When you take your daughter shopping for cosmetics, you probably assume that the products are safe for use. Unfortunately, there have been recent incidents in which retailers have had to pull make-up products from the shelves because of concerns about asbestos.
Here are some things you should know to keep you and your daughter safe while purchasing cosmetics.
Recent discoveries about asbestos in cosmetics
This past summer, a laboratory discovered that Justice, a well-known retail store for young girls, sold makeup products that contained asbestos. When this hazard was made known, the company pulled the products from their stores immediately. But the incident raised serious concerns about the safety of children’s cosmetic products, as we discussed in a post at the time.
These concerns were justified. Just a few days ago, a North Carolina lab discovered that 17 make-up products marketed towards young girls at Claire’s, another retail store, contained tremolite asbestos. USA Today and other news outlets reported on the continuing problems surrounding asbestos in cosmetic products that pose a threat to consumers.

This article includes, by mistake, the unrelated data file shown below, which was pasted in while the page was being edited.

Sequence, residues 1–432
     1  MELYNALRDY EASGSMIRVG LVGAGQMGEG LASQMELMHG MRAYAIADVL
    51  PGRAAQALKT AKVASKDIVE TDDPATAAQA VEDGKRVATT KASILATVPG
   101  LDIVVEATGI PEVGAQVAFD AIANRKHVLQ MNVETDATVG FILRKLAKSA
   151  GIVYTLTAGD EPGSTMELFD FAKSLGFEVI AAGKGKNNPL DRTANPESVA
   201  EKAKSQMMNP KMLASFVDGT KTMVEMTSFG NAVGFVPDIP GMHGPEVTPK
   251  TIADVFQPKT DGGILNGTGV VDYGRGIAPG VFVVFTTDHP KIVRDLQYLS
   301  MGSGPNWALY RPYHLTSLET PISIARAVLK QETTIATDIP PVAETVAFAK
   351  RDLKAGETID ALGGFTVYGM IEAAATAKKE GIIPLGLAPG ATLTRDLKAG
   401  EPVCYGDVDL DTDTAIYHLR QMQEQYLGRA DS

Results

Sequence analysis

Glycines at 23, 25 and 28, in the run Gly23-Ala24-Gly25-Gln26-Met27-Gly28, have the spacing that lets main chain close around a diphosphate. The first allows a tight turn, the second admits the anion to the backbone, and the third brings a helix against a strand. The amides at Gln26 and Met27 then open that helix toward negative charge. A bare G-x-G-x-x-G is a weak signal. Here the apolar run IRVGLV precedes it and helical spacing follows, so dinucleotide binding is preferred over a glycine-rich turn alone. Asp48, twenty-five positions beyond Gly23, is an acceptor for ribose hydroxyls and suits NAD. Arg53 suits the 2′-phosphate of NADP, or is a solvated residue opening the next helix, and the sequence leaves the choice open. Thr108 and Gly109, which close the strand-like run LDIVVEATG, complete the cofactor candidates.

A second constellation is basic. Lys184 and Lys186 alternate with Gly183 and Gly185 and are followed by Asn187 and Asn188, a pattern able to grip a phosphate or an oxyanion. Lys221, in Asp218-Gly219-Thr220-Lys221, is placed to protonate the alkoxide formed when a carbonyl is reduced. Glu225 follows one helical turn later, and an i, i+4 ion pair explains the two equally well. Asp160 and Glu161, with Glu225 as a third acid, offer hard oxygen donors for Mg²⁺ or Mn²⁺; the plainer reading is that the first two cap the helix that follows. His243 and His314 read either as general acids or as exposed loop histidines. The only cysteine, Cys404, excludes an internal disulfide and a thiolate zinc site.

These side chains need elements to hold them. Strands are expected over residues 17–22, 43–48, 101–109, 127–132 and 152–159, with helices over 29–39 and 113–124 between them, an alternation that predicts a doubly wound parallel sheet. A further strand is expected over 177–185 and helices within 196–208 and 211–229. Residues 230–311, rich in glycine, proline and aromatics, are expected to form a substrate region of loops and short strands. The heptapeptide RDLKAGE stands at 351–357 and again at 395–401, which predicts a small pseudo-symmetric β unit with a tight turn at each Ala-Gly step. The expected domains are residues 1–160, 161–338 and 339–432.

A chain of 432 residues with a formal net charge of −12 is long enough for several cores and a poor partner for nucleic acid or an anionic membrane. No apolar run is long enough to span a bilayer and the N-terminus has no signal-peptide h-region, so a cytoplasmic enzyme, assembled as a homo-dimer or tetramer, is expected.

How this may affect your daughter’s health
Because it is unknown how long these problematic cosmetics were on the market, they could potentially affect your daughter’s health. Exposure to asbestos can lead to mesothelioma and other devastating asbestos-related diseases. According to the Environmental Protection Agency, there is no known safe level of asbestos exposure.
One way to see if your cosmetics contain asbestos is by simply reading the ingredients. Though you may not know which ingredients are toxic, websites available to consumers, such as http://www.ewg.org/, can tell you if your cosmetic products are safe for use.
In short, regardless of what actions the FDA may take, there are steps you can take to be a more informed consumer of cosmetics. In addition, if you fear you or someone you love suffered toxic exposure, you can discuss your situation with an attorney experienced in handling cases of asbestos-related disease.